Online education is good for the planet and good for the student, according to a new study by sustainability scientists at Arizona State University and Dell.
This year's " Money Matters on Campus" survey questioned 43,000 college students across institutions in the United States about their money practices for the third year in a row, and the results were eye-popping.
College students understand when it's inappropriate to read or send text messages, such as while sitting on the toilet or having sex, but many of them can't resist the temptation to do it anyway, according to a new study from Penn State researchers.
The number of students who are choosing to rent their course materials is on the rise and their use of digital course materials is also increasing, according to a new report from OnCampus Research.
Score one for gamers. An experiment at Brown University has found a correlation between people who frequently play video games and their ability to retain learning about two quickly learned visual activities.
If massive open online courses are goldmines of data, surely, edX must be the mother lode. MIT and Harvard University have just published a 37-page draft report that summarizes a multitude of findings from two years of hosting 68 courses on the popular MOOC platform.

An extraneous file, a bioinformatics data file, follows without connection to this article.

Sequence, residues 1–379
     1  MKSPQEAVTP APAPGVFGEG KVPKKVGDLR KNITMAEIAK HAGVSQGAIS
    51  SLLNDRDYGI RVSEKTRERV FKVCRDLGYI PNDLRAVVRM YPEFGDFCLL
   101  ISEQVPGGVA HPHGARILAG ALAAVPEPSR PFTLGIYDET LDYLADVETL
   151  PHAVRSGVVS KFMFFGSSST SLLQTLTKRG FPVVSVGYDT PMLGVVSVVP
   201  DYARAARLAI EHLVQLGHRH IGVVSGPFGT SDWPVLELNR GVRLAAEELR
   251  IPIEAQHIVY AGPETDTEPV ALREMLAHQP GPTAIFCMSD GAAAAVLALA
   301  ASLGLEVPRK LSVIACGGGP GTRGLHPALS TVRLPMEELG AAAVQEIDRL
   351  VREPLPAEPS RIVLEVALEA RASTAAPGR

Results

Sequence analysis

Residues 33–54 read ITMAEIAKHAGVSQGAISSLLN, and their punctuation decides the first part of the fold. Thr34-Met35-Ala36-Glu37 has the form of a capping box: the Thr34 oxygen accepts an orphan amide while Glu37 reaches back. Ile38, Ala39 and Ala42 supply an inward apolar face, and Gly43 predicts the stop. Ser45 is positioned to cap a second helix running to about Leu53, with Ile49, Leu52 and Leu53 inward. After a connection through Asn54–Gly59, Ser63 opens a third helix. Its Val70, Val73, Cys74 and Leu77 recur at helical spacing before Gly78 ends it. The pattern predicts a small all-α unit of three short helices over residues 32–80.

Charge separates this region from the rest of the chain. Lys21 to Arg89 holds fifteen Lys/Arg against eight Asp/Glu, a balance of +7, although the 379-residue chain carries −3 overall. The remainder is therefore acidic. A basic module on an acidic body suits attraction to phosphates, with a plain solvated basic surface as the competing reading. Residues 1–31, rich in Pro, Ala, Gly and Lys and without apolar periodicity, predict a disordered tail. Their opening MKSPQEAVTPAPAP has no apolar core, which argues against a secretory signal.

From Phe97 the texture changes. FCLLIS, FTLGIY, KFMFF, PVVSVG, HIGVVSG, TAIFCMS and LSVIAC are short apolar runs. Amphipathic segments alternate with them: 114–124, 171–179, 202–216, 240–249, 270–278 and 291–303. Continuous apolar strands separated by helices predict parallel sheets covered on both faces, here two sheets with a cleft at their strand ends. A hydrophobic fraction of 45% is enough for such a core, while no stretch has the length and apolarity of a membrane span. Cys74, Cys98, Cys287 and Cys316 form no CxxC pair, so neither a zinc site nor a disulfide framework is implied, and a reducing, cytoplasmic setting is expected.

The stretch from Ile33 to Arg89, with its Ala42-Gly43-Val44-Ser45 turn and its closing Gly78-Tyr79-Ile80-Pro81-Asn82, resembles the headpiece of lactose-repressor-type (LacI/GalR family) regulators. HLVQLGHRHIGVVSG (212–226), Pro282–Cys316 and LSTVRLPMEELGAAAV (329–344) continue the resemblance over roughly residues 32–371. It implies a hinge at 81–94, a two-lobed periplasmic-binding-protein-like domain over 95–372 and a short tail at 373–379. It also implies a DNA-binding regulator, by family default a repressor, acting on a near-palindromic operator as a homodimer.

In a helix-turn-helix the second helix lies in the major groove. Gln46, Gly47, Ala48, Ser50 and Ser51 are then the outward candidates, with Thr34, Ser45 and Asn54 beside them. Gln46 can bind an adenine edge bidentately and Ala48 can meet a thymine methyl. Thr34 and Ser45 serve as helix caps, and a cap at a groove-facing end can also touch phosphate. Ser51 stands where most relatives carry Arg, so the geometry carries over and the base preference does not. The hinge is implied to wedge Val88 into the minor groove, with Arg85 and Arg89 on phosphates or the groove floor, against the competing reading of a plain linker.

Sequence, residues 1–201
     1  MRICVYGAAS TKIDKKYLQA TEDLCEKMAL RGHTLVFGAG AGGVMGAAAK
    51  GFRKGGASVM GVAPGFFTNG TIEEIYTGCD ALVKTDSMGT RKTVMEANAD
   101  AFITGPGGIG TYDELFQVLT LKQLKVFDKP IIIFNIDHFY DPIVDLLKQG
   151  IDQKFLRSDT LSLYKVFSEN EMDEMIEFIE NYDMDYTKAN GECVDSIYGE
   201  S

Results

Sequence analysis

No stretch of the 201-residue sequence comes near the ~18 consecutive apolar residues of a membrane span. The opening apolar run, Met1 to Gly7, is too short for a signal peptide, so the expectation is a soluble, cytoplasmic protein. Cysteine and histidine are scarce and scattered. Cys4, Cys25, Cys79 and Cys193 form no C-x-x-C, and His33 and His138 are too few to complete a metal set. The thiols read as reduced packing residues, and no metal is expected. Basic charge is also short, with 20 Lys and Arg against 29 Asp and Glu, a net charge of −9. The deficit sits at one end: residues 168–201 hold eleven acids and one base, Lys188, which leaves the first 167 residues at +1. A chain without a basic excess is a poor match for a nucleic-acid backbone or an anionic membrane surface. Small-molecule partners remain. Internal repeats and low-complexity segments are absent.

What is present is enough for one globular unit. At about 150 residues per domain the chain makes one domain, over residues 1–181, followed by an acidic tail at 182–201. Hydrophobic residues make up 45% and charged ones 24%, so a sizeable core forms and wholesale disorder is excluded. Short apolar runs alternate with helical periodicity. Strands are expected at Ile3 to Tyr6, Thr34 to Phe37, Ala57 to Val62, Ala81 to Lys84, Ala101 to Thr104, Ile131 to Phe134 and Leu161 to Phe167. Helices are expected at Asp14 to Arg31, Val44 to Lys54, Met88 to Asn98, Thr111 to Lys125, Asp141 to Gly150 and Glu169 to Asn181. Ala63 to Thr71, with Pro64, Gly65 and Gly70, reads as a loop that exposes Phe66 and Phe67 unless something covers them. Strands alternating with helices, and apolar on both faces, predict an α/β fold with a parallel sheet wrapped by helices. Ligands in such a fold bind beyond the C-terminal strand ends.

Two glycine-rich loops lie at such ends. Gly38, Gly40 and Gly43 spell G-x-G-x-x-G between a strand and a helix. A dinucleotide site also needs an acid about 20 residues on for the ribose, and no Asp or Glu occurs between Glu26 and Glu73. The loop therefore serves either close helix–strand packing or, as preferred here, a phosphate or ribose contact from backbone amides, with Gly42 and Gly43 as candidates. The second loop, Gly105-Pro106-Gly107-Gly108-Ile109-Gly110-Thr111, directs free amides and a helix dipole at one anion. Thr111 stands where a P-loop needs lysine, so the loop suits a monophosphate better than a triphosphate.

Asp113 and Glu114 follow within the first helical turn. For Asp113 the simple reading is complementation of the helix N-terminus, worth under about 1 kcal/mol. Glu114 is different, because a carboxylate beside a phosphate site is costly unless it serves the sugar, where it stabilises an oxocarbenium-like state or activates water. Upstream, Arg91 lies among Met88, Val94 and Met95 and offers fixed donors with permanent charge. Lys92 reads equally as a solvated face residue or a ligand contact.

While schools have placed a great deal of attention on technology in the classroom, one instructional segment that has been left behind, it appears, is adult education. Although 86 percent of adult education administrators and practitioners said they believe that technology solutions can "effectively support" adult education, only 54 percent of students in those programs always have access on site to computers for instructional purposes. Another 36 percent have only "occasional" access, and the bulk of the remainder have even less, according to a new report from Tyton Partners.
It takes a community to innovate — CT talked with Florence Hudson about her new role as Internet2's senior VP and chief innovation officer.
"The better to know you" could end up being, "The less to trust you," at least in certain kinds of online interactions. Two researchers from Stanford University's Department of Sociology recently published a freely available article about the "sharing economy," which suggests that easy trust forged between strangers diminishes with time as a Web site that brings people together grows.
When you discover that a teen in your life has posted something astonishingly inappropriate online and you find yourself asking, "What was he/she thinking?" you wouldn't be alone. But there's also little you can do to stop the practice. According to research at Pennsylvania State University, it's just the way teenagers approach their online activities.